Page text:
Customers nominated 22 Street Kitchen for Discover’s Eat It Forward Program, and owner Felicia Reese can’t believe the outpouring of support led to the food truck being one of 200 Black-owned restaurants selected to win a $25,000 prize.
“It feels surreal,” she said. “I didn’t know if it was real or not at first.”
Known for its Creole fusion menu, 22 Street Kitchen was among four Black-owned businesses in the Charlotte area to nab Discover’s funding. We previously reported that HotBox Next Level Kitchen in downtown Concord claimed its $25,000 award last month. Two other eateries — Leah & Louise at Camp North End and Cuzzo’s Cuisine in west Charlotte — were also randomly selected in the program’s weekly drawings.
The credit card company partnered with R&B singer Ciara to provide $5 million to Black restaurant owners trying to stay afloat during the Covid-19 pandemic. Many have struggled with access to funding. Company officials say the campaign is a way for people to support their favorite Black-owned restaurants.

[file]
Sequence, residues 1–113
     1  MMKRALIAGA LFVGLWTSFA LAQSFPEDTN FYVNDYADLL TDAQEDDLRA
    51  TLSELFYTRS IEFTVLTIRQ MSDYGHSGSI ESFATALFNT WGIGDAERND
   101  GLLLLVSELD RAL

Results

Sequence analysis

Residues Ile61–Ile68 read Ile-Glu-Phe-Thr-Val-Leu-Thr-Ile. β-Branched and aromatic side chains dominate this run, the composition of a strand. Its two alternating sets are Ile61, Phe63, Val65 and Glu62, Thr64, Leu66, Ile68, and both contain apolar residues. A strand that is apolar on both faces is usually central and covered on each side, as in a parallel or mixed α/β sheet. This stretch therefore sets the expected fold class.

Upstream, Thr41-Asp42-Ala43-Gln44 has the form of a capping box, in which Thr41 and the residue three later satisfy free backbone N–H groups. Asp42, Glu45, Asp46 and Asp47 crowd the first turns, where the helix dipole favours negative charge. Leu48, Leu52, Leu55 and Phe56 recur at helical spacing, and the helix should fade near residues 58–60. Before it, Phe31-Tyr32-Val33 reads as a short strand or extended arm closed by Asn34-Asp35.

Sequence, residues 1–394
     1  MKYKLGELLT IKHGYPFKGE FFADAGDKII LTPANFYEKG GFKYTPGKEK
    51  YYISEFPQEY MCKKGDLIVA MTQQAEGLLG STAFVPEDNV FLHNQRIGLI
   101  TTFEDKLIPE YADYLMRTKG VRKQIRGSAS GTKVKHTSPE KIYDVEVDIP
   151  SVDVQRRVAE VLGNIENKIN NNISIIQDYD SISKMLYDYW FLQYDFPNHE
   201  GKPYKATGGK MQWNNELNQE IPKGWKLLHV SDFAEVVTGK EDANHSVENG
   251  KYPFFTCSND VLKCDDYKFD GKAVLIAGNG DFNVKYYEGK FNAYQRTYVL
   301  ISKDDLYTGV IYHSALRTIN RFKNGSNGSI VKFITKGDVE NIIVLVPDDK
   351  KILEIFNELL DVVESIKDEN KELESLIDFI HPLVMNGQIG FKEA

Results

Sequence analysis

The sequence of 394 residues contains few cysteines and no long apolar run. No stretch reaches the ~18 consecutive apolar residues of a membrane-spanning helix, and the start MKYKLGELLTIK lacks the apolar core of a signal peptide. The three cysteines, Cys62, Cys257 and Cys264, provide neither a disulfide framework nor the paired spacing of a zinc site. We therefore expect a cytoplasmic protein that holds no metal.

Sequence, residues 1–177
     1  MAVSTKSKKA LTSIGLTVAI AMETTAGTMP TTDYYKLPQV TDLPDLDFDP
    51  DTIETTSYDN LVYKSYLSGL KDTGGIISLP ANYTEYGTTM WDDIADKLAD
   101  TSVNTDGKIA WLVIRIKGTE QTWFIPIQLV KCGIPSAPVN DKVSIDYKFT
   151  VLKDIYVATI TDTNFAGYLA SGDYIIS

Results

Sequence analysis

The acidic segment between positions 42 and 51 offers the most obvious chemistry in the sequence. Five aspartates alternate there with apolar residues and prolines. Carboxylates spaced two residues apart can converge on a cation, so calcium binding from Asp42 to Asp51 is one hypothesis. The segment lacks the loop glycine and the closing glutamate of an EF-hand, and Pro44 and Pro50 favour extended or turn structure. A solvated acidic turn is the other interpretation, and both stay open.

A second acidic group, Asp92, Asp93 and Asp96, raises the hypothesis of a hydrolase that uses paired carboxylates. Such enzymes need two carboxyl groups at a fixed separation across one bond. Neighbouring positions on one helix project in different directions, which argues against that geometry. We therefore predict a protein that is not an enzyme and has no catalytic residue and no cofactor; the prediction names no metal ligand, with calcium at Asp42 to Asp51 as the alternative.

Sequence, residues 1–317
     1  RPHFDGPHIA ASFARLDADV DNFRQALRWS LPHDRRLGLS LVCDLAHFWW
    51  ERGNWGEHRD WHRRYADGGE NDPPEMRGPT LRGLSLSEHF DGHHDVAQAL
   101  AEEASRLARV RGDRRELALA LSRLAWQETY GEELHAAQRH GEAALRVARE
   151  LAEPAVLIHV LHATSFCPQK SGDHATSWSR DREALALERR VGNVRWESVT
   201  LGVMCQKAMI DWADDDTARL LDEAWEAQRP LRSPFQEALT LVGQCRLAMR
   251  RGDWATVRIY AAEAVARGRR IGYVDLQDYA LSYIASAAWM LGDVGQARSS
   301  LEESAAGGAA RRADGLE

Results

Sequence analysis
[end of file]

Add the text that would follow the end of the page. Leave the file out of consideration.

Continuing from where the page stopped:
“Covid-19 has wreaked havoc on businesses across the United States, and we want to help effect positive change by offering financial support to Black-owned restaurants, a segment of the economy that has been disproportionately impacted during this pandemic,” said Julie Loeger, Discover executive vice president and president of U.S. cards.
Reese plans to use the money to pay for a week’s vacation for her employees during the holidays and to expand the restaurant’s delivery operations. She added that the food truck will start delivering to warehouse employees working second or third shifts. Plans for a new location are also in the works.
Reese launched 22 Street Kitchen on Feb. 29, the weekend before Covid-19 cases started increasing in North America. She had been laid off from her job and saw it as an opportunity to focus on her business.
After Gov. Roy Cooper implemented stay-at-home orders to curb the spread of the virus, Reese restructured her business model to deliver food directly to her customers’ homes and apartment complexes. As local businesses slowly reopened, she started partnering with breweries in the area, like Sweet Union Brewing and BrickTree Brewing Co., to serve customers on site.
Reese appreciates the program because it gives customers a voice.
“I think it’s important to support local businesses that everyone in the city is actually going to every day, especially in our Black community,” she said.
The public can nominate other Black-owned restaurants through Oct. 31. The final drawing is Nov. 2. Click here to see the program rules.